Hallym University Sacred Heart Hospital has been selected as a provider in the social problem resolution sector of the ‘AI⋅5G-based large-scale robot convergence model demonstration project’ hosted by Korea Institute for Robot Industry Advancement (KIRIA) under the Ministry of Trade, Industry and Energy.
It is an open call government project designed by KIRIA to respond to the growing demand for non-contact services after the COVID-19 pandemic and use robots as solutions to social problems.
The Gyeonggi-do consortium in which Hallym University Sacred Heart Hospital is participating will carry out a demonstration project of the robot convergence model of medical staff assistance and emergency response for two years for social problems in the medical field including virus infections and aging.
The objective of the project is to build an 'integrated control system' by using robots. For this, 75 robots of five types including quarantine, non-contact multidisciplinary care, guidance, delivery of goods, and home monitoring will be deployed in the hospital. By entrusting robots with services such as quarantine, delivery, guidance, and health check that humans have done so far, the hospital expects more effective in-hospital infection control and a reduced workload of medical staff and caregivers.
This project is expected to upgrade the quality of medical care for the elderly population and the patients under home care services. When the IoMT technology-based remote patient monitoring center detects unstable biometric information through a wearable device, the medical team uses three different types of robots to respond quickly.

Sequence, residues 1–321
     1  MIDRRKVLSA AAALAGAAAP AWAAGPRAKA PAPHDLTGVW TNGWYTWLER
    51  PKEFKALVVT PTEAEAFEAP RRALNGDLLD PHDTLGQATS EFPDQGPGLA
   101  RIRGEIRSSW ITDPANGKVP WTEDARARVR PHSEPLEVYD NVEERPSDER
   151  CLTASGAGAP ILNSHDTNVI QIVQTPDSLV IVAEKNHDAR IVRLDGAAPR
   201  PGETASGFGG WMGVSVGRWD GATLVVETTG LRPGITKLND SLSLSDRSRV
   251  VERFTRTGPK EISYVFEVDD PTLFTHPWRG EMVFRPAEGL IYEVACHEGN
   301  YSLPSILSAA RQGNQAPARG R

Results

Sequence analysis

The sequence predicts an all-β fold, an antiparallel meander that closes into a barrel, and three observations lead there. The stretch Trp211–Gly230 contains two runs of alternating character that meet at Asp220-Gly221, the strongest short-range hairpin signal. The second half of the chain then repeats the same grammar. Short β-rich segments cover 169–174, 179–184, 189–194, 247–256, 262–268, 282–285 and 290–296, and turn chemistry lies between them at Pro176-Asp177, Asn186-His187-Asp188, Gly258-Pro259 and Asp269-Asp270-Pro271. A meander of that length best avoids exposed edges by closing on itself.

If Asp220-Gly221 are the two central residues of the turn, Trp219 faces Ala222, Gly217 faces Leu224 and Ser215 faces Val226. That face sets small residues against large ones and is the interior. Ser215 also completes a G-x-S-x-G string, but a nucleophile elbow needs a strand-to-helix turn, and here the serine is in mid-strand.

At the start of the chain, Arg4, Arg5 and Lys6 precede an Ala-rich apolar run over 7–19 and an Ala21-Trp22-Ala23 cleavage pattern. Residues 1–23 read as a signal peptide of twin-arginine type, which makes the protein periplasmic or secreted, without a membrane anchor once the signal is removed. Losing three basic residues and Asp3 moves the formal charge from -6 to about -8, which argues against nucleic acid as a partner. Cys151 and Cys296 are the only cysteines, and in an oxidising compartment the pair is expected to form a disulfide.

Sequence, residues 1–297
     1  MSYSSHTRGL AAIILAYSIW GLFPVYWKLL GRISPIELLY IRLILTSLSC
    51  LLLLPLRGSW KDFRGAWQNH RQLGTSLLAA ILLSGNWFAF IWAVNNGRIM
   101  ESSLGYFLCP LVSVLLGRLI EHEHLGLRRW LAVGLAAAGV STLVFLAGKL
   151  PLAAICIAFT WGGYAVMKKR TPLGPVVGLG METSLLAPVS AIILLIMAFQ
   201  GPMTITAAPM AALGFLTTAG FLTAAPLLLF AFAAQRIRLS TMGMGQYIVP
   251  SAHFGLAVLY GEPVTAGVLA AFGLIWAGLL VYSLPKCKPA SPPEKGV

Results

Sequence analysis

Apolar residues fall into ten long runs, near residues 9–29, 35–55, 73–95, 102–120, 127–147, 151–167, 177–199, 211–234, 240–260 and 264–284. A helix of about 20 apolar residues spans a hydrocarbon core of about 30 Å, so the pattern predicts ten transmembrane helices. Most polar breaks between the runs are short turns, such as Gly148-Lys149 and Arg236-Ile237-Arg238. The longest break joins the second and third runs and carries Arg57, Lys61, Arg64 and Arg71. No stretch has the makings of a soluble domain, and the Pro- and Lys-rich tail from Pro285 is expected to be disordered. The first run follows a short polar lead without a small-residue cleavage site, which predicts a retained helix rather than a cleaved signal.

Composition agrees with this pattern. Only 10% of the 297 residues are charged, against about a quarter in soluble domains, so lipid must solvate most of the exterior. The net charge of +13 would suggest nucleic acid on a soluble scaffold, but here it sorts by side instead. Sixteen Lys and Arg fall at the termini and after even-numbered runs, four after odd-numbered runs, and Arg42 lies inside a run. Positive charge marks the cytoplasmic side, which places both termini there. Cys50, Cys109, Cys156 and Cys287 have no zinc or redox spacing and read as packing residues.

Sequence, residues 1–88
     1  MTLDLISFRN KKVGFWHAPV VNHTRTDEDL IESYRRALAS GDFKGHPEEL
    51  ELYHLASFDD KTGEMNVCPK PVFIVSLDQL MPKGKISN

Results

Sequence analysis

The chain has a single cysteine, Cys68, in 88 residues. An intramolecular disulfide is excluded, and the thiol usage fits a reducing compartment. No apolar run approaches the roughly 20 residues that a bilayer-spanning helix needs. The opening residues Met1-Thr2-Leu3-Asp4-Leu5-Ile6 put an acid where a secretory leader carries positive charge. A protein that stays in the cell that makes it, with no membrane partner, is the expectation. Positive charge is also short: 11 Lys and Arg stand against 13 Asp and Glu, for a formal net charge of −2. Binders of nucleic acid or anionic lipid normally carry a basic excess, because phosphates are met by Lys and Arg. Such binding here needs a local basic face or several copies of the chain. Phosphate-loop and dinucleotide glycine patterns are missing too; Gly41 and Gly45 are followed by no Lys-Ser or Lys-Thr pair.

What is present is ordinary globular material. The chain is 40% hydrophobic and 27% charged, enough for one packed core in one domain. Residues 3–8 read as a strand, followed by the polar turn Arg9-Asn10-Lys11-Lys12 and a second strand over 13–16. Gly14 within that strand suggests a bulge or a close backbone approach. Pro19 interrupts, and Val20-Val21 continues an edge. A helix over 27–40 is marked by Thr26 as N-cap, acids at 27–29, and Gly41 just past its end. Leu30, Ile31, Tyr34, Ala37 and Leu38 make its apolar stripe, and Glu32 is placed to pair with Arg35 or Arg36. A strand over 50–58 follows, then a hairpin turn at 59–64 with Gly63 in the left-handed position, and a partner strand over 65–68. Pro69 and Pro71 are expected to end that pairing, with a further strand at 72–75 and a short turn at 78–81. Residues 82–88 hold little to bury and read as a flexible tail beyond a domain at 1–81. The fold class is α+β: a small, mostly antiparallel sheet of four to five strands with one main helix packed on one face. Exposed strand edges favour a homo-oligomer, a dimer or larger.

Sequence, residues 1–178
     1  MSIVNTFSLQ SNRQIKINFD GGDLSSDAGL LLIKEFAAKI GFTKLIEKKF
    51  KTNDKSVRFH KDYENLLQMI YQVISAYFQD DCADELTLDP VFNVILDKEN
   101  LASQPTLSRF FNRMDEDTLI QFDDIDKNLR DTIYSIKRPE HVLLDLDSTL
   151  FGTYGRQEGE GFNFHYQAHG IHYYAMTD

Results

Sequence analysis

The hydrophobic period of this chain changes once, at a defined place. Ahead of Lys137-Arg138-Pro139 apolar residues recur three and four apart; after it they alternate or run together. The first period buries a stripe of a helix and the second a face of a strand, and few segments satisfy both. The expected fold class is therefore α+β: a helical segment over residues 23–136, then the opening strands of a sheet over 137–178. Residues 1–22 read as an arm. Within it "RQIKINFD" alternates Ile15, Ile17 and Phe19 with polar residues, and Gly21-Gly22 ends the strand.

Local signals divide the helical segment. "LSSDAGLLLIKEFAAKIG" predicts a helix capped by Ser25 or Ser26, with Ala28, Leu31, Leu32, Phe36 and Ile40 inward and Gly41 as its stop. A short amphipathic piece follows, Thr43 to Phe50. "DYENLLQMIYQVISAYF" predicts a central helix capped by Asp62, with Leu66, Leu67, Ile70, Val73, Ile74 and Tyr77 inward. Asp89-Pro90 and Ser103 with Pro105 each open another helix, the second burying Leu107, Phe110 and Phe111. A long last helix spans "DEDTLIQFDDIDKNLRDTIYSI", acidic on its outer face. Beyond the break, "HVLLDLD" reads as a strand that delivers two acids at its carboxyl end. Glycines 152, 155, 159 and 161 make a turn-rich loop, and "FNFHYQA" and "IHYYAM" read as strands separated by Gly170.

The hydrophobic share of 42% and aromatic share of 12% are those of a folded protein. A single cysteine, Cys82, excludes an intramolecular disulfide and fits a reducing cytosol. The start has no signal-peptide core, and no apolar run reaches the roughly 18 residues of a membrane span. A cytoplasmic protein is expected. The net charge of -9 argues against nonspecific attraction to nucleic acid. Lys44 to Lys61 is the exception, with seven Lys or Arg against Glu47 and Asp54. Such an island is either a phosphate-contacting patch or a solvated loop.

Hallym’s Command Center will be taking control of the overall operation of the robots and establishing the integrated management system.
“We have experts on digital transformation who have involved in a smart hospital model development project and various process improvement projects,” said Director Me Yeon Lee of the Command Center. She added, “We will successfully demonstrate the robots and prove them useful at the hospital site.”
An official from BIGWAVE ROBOTICS, one of consortium participant, said, “The existing robot control system is difficult to use except for professional personnel and the biggest problem is the gap from the actual business operation process because detailed operation plans or management methods are not considered.” He added, “Based on the various references and technical capabilities from Marosol, a robot specialized platform, we will support this project by making robots to be most effective when they are actually put into the medical field.”
Meanwhile, Gyeonggido Business & Science Accelerator (GBSA) plans to actively spread this model of medical service robot into the province. To this end, GBSA will work on publicizing the achievements and easing restrictions in robotics to nurture the robot industry.
By Hyun Ho Choi, Int’l Cooperation Team, HUMC (email@example.com)